There are few, if any, marketplace opportunities as large as Amazon. This leads to the problem I regularly see: sellers not adequately diversifying away from Amazon. The opportunity for incremental growth is often easier on Amazon than elsewhere. That leads to sellers not diversifying from Amazon, or finding that the effort spent building other channels doesn’t pay off as well as similar time spent building the Amazon channel.

With even the largest, most well-run sellers on Amazon periodically running into short-term problems that cause their accounts to be suspended (or even terminated), the cost of not diversifying can be very high to a seller’s overall business.

Wrapping Up

If you’re contemplating selling on Amazon, work through these tradeoffs carefully. In my experience, sellers that thrive on Amazon typically come in two groups. One has exclusive or semi-exclusive sourcing relationships — including their own private-label brands — and doesn’t expect the Amazon channel to drive sales on their own websites.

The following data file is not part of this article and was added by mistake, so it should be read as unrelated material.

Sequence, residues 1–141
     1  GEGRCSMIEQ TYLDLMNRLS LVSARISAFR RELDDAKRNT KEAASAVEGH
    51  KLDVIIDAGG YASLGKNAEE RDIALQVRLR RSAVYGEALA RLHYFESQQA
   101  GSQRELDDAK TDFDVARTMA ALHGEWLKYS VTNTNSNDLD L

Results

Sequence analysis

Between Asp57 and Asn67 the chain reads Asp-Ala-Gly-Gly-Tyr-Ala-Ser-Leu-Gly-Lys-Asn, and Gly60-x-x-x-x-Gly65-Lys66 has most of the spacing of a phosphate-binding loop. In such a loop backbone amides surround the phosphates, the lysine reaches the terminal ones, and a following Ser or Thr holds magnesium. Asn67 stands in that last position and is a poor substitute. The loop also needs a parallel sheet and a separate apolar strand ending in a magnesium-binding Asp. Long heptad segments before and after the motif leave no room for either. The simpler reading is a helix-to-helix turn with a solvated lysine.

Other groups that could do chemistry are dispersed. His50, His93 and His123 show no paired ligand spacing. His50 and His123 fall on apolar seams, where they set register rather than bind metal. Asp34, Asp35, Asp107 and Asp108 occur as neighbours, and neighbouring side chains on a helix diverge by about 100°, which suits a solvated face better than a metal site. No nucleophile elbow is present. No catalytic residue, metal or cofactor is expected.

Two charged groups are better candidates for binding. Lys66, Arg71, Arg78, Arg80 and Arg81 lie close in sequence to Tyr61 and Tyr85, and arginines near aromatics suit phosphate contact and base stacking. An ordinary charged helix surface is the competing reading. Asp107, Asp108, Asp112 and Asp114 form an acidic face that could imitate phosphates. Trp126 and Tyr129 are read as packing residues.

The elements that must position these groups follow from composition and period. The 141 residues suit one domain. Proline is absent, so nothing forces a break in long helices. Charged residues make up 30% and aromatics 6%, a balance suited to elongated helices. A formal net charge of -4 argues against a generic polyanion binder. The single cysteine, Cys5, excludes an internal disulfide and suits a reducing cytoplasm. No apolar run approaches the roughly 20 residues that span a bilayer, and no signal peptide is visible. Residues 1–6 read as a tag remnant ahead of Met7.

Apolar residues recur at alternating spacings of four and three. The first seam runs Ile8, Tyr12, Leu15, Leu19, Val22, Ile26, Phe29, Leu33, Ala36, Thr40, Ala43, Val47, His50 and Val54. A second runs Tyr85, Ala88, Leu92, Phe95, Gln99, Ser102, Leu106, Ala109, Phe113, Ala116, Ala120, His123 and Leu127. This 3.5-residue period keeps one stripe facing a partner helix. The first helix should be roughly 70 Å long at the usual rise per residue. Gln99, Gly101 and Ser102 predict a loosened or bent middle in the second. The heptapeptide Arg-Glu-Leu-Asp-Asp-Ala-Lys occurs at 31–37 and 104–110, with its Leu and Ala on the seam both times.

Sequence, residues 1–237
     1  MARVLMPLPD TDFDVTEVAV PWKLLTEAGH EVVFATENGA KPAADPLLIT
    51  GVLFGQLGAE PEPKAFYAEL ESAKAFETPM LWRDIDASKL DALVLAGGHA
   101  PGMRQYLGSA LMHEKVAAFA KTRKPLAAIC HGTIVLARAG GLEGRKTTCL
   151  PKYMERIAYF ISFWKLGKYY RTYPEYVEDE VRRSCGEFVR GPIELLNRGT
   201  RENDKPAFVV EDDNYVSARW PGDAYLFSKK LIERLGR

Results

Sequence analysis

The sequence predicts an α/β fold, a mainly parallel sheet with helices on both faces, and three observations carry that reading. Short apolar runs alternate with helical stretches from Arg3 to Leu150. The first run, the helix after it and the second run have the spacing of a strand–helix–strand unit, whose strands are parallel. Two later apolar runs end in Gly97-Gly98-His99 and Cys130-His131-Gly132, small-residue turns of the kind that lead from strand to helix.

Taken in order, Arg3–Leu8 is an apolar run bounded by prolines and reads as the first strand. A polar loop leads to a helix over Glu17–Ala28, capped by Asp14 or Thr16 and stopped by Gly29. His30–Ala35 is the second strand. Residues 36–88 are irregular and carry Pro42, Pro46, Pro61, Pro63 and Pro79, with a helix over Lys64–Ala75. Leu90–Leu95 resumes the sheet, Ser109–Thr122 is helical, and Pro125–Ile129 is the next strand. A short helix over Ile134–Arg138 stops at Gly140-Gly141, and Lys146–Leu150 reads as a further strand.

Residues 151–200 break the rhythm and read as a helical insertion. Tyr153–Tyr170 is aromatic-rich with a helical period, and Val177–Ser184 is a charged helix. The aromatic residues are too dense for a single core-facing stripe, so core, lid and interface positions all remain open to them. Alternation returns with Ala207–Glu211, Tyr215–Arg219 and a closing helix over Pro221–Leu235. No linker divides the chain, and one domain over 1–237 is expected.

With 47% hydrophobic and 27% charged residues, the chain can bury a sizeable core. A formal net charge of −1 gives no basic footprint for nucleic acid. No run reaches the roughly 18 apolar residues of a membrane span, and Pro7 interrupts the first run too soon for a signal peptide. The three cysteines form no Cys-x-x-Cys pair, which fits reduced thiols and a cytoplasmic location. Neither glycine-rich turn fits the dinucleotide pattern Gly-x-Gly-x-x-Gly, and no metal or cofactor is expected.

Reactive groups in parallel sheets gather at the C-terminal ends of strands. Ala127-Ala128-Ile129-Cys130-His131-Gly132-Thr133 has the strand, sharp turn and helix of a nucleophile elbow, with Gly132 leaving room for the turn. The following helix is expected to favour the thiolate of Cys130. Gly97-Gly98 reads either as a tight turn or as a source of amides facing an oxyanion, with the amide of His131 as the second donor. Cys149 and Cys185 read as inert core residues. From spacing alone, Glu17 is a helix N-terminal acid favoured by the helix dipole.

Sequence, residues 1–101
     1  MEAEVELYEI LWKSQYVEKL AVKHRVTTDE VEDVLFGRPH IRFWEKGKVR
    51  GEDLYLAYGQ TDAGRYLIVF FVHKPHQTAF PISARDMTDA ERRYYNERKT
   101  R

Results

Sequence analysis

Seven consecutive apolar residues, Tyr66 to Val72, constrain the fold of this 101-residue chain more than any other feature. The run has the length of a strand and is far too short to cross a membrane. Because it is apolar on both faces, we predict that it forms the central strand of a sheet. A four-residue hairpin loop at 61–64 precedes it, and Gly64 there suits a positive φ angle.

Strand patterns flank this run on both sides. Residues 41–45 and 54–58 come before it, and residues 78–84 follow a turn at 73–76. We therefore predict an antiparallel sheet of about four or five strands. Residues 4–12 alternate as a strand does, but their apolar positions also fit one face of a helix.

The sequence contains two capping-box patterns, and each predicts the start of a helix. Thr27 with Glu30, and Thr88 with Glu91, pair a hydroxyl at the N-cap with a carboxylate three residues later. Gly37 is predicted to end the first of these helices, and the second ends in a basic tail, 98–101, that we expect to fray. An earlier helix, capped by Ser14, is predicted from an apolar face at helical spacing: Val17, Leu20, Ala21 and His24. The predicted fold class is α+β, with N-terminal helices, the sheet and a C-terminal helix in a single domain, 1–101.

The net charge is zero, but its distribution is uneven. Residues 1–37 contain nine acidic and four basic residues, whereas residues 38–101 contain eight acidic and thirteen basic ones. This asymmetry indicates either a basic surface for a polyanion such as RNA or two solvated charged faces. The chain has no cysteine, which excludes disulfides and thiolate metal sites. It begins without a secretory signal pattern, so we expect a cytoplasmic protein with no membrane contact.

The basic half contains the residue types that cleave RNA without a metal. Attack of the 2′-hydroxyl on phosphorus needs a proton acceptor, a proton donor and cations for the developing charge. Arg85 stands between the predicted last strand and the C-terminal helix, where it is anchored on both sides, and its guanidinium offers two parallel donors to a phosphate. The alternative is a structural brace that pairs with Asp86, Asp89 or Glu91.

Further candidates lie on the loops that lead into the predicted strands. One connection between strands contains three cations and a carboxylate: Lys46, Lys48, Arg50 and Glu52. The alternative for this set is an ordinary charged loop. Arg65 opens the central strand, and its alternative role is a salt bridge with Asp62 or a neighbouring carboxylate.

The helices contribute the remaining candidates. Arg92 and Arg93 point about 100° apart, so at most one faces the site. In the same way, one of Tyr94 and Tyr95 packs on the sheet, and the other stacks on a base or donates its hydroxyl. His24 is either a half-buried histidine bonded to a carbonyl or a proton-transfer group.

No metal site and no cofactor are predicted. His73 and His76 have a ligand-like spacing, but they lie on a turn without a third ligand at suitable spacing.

The other group doesn’t have exclusive sourcing relationships, and must therefore be flexible about the products — getting in and out of products as the competitive landscape changes, which requires much more work and skillful buying.

But both groups clearly understand their overall cost structures, accept that sales on their own websites will suffer with the development of their Amazon channel sales, and use FBA to win the Buy Box more often.

James Thomson

James Thomson

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Comments ( 4 )

  1. Tim Werkley June 24, 2015 Reply